Evans: BB Hire Not About Me

ATHENS – Damon Evans didn't want the spotlight Friday. The news conference to announce the hiring of Mark Fox as the school's new basketball coach was not about him, Evans insisted.

But a little more than five years into his tenure as Georgia's athletics director, Friday's announcement served as the most visible decision of Evans' career, and despite the rampant success in other venues, this would be the decision by which he would most likely be judged for the foreseeable future.

"People want to talk about that, I understand the significance, the importance of it," Evans said. "But I just feel that at the end of the day we needed someone who could take us to the next level."

The final grade for Evans' performance during the hiring process, which officially began in January when Dennis Felton was fired, won't be in for years to come. Fox represents a fresh start for the program, and he comes with plenty of impressive credentials.

But unlike many of the names rumored to be candidates for the job during the past two months, Fox does not bring a reputation with him to Athens that will immediately endear him to the fans or earn Evans kudos for luring a big fish to what has been a particularly small pond at Georgia.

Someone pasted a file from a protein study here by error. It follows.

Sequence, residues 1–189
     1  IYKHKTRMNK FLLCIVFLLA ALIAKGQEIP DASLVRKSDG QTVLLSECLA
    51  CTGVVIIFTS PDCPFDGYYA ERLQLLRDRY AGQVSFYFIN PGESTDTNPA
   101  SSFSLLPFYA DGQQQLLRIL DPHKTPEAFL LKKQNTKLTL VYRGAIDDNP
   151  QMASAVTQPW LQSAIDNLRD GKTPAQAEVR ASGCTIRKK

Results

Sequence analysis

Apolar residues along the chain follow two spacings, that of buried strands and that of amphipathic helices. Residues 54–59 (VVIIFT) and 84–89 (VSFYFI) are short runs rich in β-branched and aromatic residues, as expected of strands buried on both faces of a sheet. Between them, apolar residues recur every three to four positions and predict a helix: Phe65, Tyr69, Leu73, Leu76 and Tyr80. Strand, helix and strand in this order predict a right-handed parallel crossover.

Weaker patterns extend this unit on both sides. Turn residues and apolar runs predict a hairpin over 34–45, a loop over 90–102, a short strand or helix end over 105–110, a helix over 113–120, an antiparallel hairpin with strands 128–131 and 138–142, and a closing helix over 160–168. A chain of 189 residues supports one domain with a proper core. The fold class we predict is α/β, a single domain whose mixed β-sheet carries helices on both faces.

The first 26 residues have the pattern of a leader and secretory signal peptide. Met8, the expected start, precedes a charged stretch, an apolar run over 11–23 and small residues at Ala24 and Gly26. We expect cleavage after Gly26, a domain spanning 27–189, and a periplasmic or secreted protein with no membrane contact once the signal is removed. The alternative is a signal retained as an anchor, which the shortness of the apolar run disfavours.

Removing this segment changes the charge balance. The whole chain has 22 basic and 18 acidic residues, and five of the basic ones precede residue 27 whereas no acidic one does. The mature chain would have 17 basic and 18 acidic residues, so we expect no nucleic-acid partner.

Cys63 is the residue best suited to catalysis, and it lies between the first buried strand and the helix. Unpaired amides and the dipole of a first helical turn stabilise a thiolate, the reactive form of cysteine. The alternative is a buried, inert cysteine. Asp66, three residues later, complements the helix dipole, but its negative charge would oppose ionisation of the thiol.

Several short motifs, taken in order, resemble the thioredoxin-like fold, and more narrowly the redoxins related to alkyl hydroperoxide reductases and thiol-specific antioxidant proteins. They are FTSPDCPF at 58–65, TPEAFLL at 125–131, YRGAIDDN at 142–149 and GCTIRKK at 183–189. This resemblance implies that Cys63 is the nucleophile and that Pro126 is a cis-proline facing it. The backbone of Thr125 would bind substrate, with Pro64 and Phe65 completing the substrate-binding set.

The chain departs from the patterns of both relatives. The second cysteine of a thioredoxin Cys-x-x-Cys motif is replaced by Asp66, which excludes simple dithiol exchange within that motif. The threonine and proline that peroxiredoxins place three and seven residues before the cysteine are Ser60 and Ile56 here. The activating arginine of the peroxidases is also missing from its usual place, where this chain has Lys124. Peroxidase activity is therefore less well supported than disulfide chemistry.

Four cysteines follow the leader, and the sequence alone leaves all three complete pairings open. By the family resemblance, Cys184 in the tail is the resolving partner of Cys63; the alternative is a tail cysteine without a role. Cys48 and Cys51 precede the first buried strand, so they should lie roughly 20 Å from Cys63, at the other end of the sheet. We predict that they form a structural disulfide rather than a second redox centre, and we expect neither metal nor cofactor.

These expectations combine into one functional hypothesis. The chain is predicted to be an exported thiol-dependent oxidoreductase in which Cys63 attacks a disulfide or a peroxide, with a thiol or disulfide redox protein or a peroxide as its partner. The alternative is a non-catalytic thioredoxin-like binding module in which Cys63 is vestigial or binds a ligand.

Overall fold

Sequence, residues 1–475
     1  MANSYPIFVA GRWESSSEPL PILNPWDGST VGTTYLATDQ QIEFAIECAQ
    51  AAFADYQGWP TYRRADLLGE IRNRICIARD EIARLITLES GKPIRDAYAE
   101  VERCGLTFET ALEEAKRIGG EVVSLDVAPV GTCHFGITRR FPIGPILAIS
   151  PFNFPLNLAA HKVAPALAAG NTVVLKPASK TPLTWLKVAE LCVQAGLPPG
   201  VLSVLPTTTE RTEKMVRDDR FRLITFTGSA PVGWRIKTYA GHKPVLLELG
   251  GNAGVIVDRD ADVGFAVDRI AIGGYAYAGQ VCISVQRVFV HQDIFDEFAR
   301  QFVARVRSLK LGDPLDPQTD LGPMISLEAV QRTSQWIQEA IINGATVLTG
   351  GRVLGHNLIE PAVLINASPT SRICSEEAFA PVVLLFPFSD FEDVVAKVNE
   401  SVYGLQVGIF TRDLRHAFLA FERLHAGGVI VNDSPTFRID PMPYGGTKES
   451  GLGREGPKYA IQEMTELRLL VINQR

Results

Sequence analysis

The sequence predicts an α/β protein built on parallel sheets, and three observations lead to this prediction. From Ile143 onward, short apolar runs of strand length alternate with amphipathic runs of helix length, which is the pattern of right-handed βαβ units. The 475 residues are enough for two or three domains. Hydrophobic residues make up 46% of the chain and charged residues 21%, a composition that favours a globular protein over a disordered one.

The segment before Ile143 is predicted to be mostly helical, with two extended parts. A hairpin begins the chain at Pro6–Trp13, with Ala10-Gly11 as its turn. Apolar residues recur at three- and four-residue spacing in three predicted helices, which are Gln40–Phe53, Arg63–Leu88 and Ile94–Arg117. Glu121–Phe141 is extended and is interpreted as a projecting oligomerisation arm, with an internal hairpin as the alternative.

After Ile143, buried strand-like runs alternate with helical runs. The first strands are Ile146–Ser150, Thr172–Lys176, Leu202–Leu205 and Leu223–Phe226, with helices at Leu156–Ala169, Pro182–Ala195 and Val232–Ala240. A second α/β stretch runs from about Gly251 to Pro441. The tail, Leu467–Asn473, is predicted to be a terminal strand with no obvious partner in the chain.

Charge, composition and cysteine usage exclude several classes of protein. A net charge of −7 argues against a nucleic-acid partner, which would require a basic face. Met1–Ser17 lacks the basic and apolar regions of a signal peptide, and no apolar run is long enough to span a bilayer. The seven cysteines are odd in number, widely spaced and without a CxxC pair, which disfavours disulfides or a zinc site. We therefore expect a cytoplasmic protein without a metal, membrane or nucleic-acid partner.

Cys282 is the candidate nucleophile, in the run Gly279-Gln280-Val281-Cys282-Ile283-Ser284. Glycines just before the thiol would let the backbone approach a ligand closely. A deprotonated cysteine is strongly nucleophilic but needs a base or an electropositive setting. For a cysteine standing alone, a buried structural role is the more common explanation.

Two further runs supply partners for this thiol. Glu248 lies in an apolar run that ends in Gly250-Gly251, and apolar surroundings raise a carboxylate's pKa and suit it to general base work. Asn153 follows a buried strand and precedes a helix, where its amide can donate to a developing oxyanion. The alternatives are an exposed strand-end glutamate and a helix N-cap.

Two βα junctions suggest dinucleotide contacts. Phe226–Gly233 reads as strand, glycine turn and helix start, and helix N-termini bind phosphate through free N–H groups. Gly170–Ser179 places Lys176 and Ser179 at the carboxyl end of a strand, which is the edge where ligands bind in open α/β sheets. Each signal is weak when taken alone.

Since Tubby Smith left Georgia for Kentucky following the 1996-97 season, Georgia's basketball program has been marred by a debilitating scandal and plenty of bad basketball. Fox offers the potential for change, but the hire won't bring instant credibility to the program. In fact, most of the players on the roster had to Google Fox's name just to find out who he was.

"When I first found out, I was like 'who is this guy?'" forward Chris Barnes said. "I went and looked him up, and I was real excited about the coach."

That stands in stark contrast from the direction most people assumed the search would go.

Evans remained silent for most of the past six weeks and refused to address any individual candidates, but that didn't stop the rumor mill from spinning at a ferocious pace.